Microbiologists are biological scientists who study organisms so small that, generally, they can only be seen with a microscope. These microorganisms include bacteria, algae, yeasts, fungi, protozoa, viruses, and other microscopic forms of life. Microbiologists isolate and make cultures of microorganisms, identify their characteristics, and observe their reactions to chemicals and other kinds of stimuli. They also study how microorganisms develop and reproduce as well as their distribution in nature.
Many microbiologists work for universities, where they teach and do research. Others work at medical centers or in private industry. Some work for government agencies. Although their jobs have different aspects and responsibilities, most microbiologists do some research or laboratory work. They use special equipment to study microorganisms including light microscopes, electron microscopes, centrifuges, glass tubes, slides, and computers. They are often assisted by biological technicians.
Microbiology is a broad field that includes the study of viruses as well as microscopic organisms found in all kingdoms of life: plants, animals, protists, fungi, and bacteria. Some microbiologists specialize in one type of microorganism. For example, bacteriologists concentrate on bacteria and virologists study viruses.
Microbiologists work in several areas. Many do basic research to increase knowledge about the life processes common to microbes. Their work helps to answer basic questions such as those pertaining to the use of food and oxygen in cells. Other microbiologists are employed in medicine. Medical microbiologists study the relationship between microorganisms and disease. They isolate and identify disease-producing organisms and study their distribution. They also study the ways that the organisms enter the bodies of humans and animals, establish themselves, and cause disease. Immunologists, for example, study the body's defensive responses to microorganisms.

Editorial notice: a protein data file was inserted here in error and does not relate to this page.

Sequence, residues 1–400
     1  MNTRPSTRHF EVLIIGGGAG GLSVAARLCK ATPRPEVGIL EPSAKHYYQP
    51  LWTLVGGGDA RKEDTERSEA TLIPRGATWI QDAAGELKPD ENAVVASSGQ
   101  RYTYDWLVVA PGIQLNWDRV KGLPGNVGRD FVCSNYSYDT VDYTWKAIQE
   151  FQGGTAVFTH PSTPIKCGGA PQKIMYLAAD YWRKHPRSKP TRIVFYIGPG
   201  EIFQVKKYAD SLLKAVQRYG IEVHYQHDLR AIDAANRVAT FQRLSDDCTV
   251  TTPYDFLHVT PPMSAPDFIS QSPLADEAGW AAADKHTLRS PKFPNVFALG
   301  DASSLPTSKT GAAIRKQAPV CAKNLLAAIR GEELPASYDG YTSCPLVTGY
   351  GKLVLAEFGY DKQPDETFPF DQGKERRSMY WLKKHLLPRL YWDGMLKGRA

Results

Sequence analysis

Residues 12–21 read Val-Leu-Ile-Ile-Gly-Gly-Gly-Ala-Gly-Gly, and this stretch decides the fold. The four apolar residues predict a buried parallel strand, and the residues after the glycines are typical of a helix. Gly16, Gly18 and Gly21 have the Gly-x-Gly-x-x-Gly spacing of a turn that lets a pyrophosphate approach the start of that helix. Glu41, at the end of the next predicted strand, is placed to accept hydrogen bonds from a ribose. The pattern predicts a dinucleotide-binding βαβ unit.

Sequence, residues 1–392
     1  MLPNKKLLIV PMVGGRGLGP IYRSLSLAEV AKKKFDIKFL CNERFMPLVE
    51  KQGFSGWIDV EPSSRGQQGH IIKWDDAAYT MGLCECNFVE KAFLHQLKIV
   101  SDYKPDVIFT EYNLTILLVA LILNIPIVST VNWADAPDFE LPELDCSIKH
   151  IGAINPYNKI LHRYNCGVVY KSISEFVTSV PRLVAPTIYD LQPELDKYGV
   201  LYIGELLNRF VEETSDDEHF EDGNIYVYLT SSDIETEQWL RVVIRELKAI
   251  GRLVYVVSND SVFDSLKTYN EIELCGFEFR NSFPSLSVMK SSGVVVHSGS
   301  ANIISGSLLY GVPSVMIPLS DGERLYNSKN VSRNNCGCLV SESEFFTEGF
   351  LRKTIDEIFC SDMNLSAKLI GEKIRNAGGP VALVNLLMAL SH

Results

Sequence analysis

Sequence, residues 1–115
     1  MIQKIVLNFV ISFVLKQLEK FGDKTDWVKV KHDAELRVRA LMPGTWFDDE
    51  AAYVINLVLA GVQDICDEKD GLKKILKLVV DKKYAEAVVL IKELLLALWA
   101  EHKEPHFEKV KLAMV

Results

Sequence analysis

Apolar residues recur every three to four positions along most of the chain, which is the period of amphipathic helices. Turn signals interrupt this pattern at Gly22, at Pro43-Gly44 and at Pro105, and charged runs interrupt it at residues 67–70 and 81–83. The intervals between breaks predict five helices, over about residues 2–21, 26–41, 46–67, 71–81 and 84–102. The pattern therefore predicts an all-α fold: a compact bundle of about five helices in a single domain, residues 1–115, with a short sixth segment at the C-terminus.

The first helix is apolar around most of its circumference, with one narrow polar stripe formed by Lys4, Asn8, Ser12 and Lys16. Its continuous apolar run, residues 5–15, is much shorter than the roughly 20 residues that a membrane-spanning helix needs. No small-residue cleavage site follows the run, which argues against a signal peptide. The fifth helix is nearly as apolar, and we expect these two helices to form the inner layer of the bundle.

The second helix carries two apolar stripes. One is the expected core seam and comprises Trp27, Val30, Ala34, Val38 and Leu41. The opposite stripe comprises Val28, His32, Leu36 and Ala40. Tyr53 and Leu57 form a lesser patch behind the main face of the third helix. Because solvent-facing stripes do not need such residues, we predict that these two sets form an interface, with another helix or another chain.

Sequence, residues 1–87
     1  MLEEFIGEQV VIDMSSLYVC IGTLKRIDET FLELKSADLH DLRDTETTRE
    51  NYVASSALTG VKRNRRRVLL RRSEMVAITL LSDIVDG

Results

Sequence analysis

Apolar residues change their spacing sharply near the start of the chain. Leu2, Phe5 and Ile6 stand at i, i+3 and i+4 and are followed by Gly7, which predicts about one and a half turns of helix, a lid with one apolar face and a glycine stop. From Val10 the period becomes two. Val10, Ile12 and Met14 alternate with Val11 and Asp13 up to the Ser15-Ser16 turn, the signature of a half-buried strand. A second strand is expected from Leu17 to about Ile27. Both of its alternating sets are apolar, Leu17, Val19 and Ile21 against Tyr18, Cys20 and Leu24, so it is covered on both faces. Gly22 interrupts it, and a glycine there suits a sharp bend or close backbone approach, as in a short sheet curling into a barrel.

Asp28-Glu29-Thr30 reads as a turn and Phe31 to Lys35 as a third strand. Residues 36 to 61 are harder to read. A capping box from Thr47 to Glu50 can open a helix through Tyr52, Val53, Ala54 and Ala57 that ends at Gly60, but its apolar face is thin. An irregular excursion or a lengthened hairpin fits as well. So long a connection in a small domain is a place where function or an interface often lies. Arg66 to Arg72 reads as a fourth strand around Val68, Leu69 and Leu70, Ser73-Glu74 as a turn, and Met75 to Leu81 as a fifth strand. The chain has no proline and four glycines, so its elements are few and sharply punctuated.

Course Benefit / Advantages
There are many possible avenues of advancement for microbiologists, especially for those with a doctoral degree. Microbiologists can become directors of research in medical centers, private firms, or government agencies. Those who hold a teaching and research position in a university can advance to the rank of full professor. They can also make significant discoveries in their research and gain the recognition of other microbiologists. Many scientists consider this to be the highest form of advancement.
Opportunities - Field of Employement
Working conditions for microbiologists vary. Most spend at least part of their time in clean, well-lighted laboratories. Some microbiologists have to collect samples of soil, seawater, and other substances that contain microorganisms. Some microbiologists spend part of their time in classrooms and offices. The workweek for many microbiologists in medical centers and private industry is generally forty hours. Those who work in universities and other research centers may have more flexible hours, but their workweeks generally total more than forty hours. Some overtime or shift work may be necessary when a project must be completed or when an experiment must be monitored around the clock. Microbiologists usually spend some time reading and studying to keep up with the newest findings of other scientists.
Microbiologists must take precautions to prevent specimens from being contaminated and to keep harmful microorganisms from reproducing uncontrollably. They should have skill in scientific experimentation and mathematics and be willing to do the precise, detailed work required in microbiology. Microbiologists should be able to work either independently or as part of a team. They must be able to keep careful records and to communicate their ideas and findings to others.
The earnings of microbiologists vary widely depending on their education and experience, the location, and the kind of job.